“It is an honor because you are in a lot of people’s homes every week. I feel like you really are in people’s homes…. You are kind of like hugging everybody. I think it’s beyond awesome, I really do.”
Burkhardt mentioned to Schrager that he and Olsen knew they had big shoes to fill after taking over for Joe Buck and Troy Aikman (both now at ESPN) and it felt like walking in to a new job, but the A crew at FOX helped them and he liked that he and Olsen got to do it together.
“It’s been awesome. It really has. When you go into a situation like this, Joe and Troy were there for 2 decades, that’s a long time. People have long-standing relationships. Even though I’ve been at FOX for 9 years and Greg was there last year, we are the new guys essentially.
“You walk in, you don’t know how they are going to react to you, what they are going to think of you, if they think you are any good and all that stuff. From Day 1, it was like welcome to the family, we love you. I know that sounds kind of cheesy, but it’s been awesome. It felt like we’ve just fit right in. I think there’s been some cool symmetry, the fact that Greg and I got to do it together because we have such a bond.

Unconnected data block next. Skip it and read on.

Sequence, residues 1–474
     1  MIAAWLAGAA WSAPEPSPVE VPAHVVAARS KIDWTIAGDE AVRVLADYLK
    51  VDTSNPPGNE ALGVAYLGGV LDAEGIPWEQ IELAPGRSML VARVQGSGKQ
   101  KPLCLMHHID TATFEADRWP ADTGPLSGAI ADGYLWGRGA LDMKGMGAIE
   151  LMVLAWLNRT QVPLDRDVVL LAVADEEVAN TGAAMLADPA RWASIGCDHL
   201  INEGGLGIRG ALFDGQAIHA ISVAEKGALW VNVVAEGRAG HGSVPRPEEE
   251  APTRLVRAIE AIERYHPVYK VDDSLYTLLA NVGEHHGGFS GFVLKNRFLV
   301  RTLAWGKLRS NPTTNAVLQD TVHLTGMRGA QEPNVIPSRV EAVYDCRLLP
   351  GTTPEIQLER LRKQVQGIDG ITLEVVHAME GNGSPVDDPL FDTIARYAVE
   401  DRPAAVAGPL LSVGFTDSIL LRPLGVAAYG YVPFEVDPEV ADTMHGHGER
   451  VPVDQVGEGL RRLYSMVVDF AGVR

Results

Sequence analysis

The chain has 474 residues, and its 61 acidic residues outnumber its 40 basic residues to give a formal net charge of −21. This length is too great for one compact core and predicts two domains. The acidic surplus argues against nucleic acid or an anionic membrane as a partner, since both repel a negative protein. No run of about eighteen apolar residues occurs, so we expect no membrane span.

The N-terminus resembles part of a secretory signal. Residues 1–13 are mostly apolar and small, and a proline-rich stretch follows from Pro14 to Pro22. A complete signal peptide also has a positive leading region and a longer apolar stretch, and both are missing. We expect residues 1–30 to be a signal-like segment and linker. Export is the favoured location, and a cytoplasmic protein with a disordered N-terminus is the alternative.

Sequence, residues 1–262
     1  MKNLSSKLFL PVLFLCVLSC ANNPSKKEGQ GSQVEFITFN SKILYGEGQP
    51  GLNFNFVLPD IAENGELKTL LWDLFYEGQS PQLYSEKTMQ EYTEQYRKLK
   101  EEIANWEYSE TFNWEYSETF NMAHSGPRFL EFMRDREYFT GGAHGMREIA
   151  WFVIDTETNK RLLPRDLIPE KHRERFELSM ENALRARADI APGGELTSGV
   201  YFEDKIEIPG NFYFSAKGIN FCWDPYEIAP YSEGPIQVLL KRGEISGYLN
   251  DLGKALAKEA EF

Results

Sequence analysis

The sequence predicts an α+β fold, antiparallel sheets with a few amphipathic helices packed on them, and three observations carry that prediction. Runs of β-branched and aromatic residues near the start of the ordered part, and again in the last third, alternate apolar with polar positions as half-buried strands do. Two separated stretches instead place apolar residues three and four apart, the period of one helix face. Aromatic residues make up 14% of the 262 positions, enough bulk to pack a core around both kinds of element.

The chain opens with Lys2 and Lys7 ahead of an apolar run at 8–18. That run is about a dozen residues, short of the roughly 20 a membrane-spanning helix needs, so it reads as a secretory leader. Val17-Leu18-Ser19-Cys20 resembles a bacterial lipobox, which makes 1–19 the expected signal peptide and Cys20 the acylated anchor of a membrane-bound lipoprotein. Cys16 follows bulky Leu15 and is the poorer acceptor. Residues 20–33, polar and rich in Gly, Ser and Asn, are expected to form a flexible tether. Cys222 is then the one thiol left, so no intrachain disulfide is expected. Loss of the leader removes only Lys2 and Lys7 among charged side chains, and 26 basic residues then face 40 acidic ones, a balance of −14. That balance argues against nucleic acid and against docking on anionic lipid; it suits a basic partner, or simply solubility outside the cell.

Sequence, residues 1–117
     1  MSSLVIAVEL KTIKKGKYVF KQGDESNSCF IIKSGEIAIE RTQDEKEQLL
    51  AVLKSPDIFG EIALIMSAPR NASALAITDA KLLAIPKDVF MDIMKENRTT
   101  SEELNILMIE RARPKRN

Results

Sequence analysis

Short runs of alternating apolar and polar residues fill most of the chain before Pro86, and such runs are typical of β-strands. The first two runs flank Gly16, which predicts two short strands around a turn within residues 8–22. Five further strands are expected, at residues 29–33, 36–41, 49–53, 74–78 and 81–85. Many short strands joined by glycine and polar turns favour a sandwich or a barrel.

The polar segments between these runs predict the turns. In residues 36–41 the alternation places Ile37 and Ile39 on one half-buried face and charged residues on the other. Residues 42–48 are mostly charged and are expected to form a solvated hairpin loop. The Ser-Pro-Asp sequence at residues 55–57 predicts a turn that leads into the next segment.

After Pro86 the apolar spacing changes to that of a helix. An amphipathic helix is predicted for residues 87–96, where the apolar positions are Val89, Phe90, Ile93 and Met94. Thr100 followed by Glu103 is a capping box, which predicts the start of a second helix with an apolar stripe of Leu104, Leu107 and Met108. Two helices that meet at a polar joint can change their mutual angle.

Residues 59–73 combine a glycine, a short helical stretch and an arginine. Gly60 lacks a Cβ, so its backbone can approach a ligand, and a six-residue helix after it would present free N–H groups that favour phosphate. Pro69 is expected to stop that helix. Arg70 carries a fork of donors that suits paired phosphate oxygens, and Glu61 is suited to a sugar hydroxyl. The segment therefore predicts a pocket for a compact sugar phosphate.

“The fact that we got to jump in together I think has kind of been fun and helped us both because he knows me really well and I know him really well. Then, it was just getting everyone else to know us and vice versa.”
The one thing that Burkhardt did have to adjust to was a different style of show and that each production team has different viewpoint and creativity.
“The crew I’ve been on my whole life with Pete Macheska and Artie Kempner, they do a different show than Z (Richie Zyontz) and Russo (Rich Russo) do it. It’s not good, bad, or indifferent. Everyone has different viewpoints and creativity. I think it was just getting used to each other in terms of that, but it’s felt like I’ve worked with them for 25 years. It’s felt seamless. It’s felt fun.”
Even though Burkhardt is now the lead NFL play-by-play voice for FOX, that doesn’t mean he is going to change how he does a game.
“I’m not going to change my style or who I am. I’m not saying I’m not open to critiques and wanting to get better and to get coached. The basis of what I do and how I do it, I’m not going to change that now because I’m on the A crew. They liked me enough to put me here, so I’m going to keep doing what I’m doing. Maybe tweaks here and there, but if I radically changed now, I’d be a moron.”
Ricky Keeler is a reporter for BSM with a primary focus on sports media podcasts and national personalities. He is also an active podcaster with an interest in pursuing a career in sports media. You can find him on Twitter @Rickinator555 or reach him by email at RickJKeeler@gmail.com.